2011 Mazda2 TouringPosted on November 15th, 2010
Sporty subcompact hatchback for active urbanites
By Nina Russin
I have a big soft spot in my heart for little cars. Perhaps it’s because I’m a small person, or that I am, according to a colleague, a ‘raging greenie.’
Being small in a big car world comes with sizeable challenges. Small cars need to keep up, in terms of both comfort and performance. They must be safe. And while they don’t offer the passenger or cargo capability of their bigger siblings, small cars need to have efficient interiors with enough versatility to meet their owners’ lifestyles.
The 2011 Mazda2, a subcompact five-door hatchback, does all of the above surprisingly well. Power comes from a 1.5-liter four-cylinder engine rated at 100 horsepower, and choice of five-speed manual or four-speed automatic transmissions.
Despite the small engine size, power is ample, thanks to variable valve timing and the right software. Engineers smartly let the transmission hold onto gears and shift at higher engine speeds. The result is more linear acceleration and better torque.
They also kept the chassis lean. Curb weight for the automatic transmission model is 2359 pounds, creating a positive power-to-weight ratio.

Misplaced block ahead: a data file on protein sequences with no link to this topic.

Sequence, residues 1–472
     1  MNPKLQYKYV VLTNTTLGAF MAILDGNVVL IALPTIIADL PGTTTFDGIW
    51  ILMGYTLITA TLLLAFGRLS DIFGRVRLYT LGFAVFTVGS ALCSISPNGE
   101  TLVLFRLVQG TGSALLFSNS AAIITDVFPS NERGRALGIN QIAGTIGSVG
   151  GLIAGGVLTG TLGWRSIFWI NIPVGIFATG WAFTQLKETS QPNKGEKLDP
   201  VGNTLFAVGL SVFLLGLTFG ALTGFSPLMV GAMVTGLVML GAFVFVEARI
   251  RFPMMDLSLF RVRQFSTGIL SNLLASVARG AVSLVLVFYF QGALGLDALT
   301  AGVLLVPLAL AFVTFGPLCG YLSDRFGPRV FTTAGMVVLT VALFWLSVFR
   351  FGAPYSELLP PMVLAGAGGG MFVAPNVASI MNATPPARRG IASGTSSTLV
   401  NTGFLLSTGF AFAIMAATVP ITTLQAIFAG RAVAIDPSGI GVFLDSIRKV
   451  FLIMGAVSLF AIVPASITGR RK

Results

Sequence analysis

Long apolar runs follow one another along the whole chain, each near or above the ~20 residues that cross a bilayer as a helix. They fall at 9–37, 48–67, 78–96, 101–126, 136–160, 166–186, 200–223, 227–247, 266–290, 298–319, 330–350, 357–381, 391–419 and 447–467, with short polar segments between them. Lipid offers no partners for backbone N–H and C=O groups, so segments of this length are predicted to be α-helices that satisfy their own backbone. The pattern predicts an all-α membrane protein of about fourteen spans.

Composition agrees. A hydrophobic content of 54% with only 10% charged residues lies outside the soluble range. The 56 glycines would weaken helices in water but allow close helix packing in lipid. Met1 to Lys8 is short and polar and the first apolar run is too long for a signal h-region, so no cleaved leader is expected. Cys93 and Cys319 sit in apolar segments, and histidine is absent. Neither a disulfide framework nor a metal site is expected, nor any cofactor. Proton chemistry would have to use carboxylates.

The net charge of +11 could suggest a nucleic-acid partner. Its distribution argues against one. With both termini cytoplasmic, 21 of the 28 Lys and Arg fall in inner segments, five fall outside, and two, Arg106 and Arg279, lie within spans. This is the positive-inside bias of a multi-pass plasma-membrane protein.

Fifteen-inch wheels are large enough to keep the car stable on the highway and through turns. An independent MacPherson strut front suspension and torsion beam rear axle is compliant enough to absorb a few bumps in the road. Monotube front shocks keep the area around the transaxle from acting nose-heavy.
Test drive in Phoenix
I spent time this week behind the wheel of the Mazda2 Touring, driving it around the Phoenix metro area. My test drive included congested streets in downtown Phoenix, freeways and surface roads in the east valley.
The small engine does surprisingly well at speed. I had no problems accelerating from a stop or onto the highway. There is enough on the top end to pass slower cars on the highway. The four-speed transmission had to shift hard on a number of occasions, but it got the job done.
I did notice some lean missing when the car was idling. The symptom was vibration through the steering wheel.
This isn’t unusual, or particularly worrisome, since there is no engine noise indicating detonation. Engineers tune engines on the lean side for better fuel economy.
The engine block and cylinder heads are aluminum, minimizing weight under the hood. This not only helps fuel economy, it creates a better balance between the front and rear on the front-wheel drive platform. Front-to-rear weight distribution is 62/38.
Steering response is good at all speeds. The car’s small footprint makes it ideal for drivers commuting along narrow city streets. Parking on the street is quite easy. On-center response on the highway is positive.
Both base Sport and Touring grades come with front disc and rear drum brakes. I’m not a fan of drums because they can fill with water, resulting in uneven stopping in bad weather. They are also harder to service than discs.